Now a flash back: Once upon a time in this land, there was this bank fancifully named Bank of the North. To be honest, I do not know nor have I researched the philosophy behind its establishment. All I can glean looking at existing or previous patterns in this land is that, it may have been founded to check-mate the burgeoning economic tentacles of another bank, named African Continental Bank (ACB) or of that other one known as Wema.
It was the days of healthy regional economic rivalry amongst the regions that made up Nigeria. ACB was for the east while Wema was and is still for the west. I do not know if present day Unity Bank replaced Bank of the North.
I know that Unity bank was the product of a tryst involving many fledgling banks of similar socio-political-cum economic hue – banks which could on their own, not meet the stringent recapitalization requirements of the banking reform days. I also know that the Bank of the North (BON) was for the north. BON had a beautiful logo ornamented with cowries and cereal, and some hard to decipher Arabic scribbling.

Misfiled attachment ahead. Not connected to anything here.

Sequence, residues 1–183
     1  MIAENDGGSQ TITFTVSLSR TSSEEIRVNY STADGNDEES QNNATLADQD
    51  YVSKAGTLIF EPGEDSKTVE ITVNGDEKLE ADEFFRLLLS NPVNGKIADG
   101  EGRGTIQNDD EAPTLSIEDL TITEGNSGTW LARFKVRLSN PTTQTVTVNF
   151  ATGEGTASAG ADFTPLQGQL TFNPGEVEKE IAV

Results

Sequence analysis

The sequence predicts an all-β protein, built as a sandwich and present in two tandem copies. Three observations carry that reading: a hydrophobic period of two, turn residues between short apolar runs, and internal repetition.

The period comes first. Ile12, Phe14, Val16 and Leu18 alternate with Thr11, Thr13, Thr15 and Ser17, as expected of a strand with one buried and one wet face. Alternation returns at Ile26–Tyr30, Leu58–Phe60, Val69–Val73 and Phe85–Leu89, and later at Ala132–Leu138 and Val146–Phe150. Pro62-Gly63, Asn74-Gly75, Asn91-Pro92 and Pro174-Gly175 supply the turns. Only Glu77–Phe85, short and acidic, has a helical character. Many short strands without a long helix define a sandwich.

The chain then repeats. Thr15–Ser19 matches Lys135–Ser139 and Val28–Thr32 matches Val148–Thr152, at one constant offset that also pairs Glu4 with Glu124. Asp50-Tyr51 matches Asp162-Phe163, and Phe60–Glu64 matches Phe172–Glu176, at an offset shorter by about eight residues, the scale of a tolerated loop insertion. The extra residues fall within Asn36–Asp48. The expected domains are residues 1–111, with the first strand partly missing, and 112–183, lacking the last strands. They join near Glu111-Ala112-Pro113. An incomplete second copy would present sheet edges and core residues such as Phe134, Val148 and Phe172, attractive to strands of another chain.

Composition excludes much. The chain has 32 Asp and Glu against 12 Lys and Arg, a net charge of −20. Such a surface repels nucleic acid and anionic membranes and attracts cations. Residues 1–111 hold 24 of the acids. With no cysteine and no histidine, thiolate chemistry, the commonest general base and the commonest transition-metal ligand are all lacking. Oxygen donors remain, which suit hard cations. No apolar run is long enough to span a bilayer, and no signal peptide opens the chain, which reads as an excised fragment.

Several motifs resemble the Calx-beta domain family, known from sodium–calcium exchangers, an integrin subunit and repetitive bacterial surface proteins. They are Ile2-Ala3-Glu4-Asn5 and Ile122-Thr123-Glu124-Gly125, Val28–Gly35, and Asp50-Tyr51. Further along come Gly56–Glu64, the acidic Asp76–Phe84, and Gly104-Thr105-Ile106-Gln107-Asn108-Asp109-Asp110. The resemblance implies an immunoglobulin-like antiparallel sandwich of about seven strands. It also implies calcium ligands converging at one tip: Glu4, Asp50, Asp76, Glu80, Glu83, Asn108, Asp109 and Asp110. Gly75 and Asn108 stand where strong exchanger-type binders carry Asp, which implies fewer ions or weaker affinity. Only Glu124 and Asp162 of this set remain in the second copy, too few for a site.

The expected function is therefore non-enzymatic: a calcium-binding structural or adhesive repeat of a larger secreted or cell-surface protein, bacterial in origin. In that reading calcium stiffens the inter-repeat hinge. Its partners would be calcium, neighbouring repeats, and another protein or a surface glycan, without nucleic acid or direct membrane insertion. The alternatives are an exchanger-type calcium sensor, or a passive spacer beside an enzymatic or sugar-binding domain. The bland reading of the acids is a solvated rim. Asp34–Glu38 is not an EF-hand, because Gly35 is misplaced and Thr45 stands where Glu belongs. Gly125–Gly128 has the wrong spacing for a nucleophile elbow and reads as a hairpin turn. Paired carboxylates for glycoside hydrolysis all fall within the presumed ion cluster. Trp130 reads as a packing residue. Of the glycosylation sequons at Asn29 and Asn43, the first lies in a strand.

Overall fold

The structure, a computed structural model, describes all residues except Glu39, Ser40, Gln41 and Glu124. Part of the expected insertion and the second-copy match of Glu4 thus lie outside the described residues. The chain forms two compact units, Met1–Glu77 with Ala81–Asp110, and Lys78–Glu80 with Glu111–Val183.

I have researched to confirm that it practiced a form of Islamic banking. At its apogee and great heights, Bank of the North ruled the financial landscape of northern Nigeria and beyond. And like everything that symbolized northern Nigeria or Hausa/Fulani/Islamic hegemony over the rest of the land, it used to be headquartered in Kaduna. It was from Kaduna, that it stretched its operational tentacles even into Onitsha and Port Harcourt where, as was foretold by its founders, it met the Niger at the Atlantic Ocean.
And that it was heavily patronized by the government of the north and most notable government and quasi government (state and federal) institutions including universities located in the north. At its peak, it gave out loans and financial assistance to those institutions and persons that patronized it. It charged interests, appropriately and handsomely with or without Islamic considerations. Continue reading